Dirteater takes bull by the horns
By Wesley Mahan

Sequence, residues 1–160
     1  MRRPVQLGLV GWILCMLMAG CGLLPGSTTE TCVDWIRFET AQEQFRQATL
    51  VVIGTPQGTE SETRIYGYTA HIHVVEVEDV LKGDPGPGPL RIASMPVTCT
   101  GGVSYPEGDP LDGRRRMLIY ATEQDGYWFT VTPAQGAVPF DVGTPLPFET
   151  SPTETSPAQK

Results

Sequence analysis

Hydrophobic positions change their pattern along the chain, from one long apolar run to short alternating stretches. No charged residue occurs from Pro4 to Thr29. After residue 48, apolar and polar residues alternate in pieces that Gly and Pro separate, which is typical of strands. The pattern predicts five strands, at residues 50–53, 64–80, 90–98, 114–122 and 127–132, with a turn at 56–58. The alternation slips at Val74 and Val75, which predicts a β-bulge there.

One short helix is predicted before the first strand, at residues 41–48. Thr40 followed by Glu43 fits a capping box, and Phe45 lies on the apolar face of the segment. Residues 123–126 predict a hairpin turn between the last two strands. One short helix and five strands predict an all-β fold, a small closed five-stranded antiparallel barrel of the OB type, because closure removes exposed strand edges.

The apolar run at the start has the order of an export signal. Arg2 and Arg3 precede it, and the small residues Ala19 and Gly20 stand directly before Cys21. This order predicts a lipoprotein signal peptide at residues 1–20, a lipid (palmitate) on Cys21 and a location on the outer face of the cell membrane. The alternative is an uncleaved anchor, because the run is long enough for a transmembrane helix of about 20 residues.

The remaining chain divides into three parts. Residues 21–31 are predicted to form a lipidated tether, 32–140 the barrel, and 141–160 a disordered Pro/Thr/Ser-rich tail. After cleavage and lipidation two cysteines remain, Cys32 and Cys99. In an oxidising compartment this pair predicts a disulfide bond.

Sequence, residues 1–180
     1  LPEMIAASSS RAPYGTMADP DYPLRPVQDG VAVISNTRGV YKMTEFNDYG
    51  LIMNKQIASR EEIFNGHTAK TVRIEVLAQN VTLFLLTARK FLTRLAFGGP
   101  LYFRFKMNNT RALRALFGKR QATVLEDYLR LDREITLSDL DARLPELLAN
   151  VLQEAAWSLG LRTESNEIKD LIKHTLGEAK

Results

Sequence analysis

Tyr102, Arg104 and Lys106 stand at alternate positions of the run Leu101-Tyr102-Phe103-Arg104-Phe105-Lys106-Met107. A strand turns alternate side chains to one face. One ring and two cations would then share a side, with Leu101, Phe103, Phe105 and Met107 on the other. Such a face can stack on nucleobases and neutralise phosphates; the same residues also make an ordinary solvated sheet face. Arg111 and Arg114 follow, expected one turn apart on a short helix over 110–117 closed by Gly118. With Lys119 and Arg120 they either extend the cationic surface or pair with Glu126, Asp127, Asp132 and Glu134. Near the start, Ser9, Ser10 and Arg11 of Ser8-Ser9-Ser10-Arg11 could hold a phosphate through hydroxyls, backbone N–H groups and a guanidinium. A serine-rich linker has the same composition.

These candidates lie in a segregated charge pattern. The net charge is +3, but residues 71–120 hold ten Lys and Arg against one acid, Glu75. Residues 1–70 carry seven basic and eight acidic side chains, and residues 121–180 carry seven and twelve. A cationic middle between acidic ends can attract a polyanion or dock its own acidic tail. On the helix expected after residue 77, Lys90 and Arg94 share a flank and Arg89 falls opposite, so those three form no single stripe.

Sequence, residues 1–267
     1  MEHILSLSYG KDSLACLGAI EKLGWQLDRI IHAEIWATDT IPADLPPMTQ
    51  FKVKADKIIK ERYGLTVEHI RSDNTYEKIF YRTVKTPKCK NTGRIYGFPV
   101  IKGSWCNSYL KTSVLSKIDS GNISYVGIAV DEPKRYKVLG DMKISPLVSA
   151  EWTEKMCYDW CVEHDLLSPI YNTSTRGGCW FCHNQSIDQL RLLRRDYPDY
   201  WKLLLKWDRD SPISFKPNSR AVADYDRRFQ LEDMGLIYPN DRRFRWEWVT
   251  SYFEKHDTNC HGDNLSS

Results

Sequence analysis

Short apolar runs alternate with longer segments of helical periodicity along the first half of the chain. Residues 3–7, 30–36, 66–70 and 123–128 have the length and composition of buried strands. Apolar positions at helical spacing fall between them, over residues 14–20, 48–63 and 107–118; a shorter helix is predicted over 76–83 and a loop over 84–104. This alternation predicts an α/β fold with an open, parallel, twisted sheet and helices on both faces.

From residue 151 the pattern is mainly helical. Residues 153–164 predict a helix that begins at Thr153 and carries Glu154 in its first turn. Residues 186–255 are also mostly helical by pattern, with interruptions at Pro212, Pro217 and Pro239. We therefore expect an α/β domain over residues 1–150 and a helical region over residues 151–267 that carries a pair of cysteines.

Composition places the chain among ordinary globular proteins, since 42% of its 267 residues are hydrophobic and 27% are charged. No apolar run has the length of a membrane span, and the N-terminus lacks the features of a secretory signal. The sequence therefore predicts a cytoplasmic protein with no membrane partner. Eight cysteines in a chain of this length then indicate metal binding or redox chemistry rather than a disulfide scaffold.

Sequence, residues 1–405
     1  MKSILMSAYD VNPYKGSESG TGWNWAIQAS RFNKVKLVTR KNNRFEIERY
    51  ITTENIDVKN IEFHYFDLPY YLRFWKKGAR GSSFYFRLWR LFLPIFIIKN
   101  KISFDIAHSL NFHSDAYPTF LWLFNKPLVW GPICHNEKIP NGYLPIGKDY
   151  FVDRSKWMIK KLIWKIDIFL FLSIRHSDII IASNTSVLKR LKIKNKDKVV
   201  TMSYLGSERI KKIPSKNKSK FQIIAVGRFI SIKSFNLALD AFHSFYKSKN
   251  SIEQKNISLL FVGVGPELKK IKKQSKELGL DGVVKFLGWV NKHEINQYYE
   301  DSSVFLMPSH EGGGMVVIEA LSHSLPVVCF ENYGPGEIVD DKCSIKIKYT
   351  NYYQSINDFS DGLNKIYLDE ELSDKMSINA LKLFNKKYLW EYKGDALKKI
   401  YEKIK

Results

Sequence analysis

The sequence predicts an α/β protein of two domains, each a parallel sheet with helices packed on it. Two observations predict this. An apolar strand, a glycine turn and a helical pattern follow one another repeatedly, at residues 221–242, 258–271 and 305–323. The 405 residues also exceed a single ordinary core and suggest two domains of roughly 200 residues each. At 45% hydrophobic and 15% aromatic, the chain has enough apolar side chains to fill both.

Cherokee citizen and professional bull rider Ryan Dirteater tips his hat after riding at the July 31 Kayak Rodeo Series in Sallisaw, Okla. (Photo by Wesley Mahan)Sports WriterSALLISAW, Okla. – Being a professional bull rider can be a tough way to make a living. However, 19-year-old Hulbert resident and Cherokee citizen Ryan Dirteater has been doing exactly that.Dirteater, so far in 2008 has more than $36,000 dollars in earnings and is one of only 800 people in the world to have a Professional Bull Riders card.Dirteater travels around the country riding bulls and makes a living doing what he loves. His father, Randy, was a bull rider before an injury cut his career short. However, it was his dad who introduced Ryan to the dangerous sport.“I grew up around it. My dad did it when I was a baby, when I was 1, 2, he rode. I started when I was 9. I rode calves. When I was 10, I got my first junior rodeo card…and the next year after that I went and I bought another junior card, OJRA, Ozark Junior Rodeo Association and I won my first saddle….I started (with) calves, steers, junior bulls and I went up to senior bulls. And now, I’m riding with the big boys.”He said the excitement and the thrill of being on a wild animal attracted him to the sport.“I just watched it when I was small, and I told my mom that I wanted to be bull rider,” he said. “I did. It’s just fun. It’s just being a cowboy. It’s a cowboy sport.”Now Ryan rides with the big boys in the PBR. But being in the PBR is not given, it’s earned, he said.“When you’re 18, you can buy your permit. You got to win $2,500 to fill your permit. When you win $2,500, you’re called a card holder,” he said. “After you do that, you win at the Enterprise, the Discoverer – the challenger tours – you go to those, and when you win enough money they give you a call to go to the Built Ford Tough series, the ones you see on TV.”Ryan said making it to the highest level requires mental and physical preparation.“When I’m at home, I run a mile and lift weights three times a week. I ride horses bareback a lot which helps me. It’s the closest thing to riding a bull without actually getting on one. I go to church as well, because a lot of it’s mental,” he said.Even with practice and training, no bull rider can escape injury.“I broke my jaw, the right side of my jaw like three months ago. I broke it and I was off for about a month,” he said. “I’ve broke my arm a couple of times, just little injuries like that, not really any serious injuries.”But Ryan hasn’t had to go through the bumps and bruises alone. And despite the injury that stopped his career, Ryan’s dad backed his son’s decision to pursue bull riding.“It was his decision to be a bull rider. But me and his mom have backed him 100 percent. He’s wanted to do this since he was a kid, and he has set goals and achieved them,’ Randy said.Having a father who is a former bull rider is a luxury most riders don’t have. However, it’s an advantage for Ryan when he needs to tap into the knowledge his father can provide.“Being honest with yourself and staying healthy are the most important parts to being successful. I tell him staying in shape and treating your body right makes all the difference because it’s such a dangerous sport,” Randy said.On July 31, Ryan competed in the Kayak Rodeo Series held in Sallisaw. He rode a red bull and outlined his strategy.“This bull has been turning back to the left lately. He tries to drop you down in the well. You know he’s going to buck, so you’ve got to stay down and be small, dance with him,” he said.But riding a bull is easier said than done. However, Ryan managed to stay on the bull for the full eight seconds and finish first in the event.“Yeah, he bucked and turned back to the left, just like they said. I hung on and thank God I got him rode,” he said.At 19, Ryan has his sights set high in the bull riding business – a world title.“I want to make the PBR world finals in Las Vegas this year, but my ultimate goal is to win the world of PBR,” he said.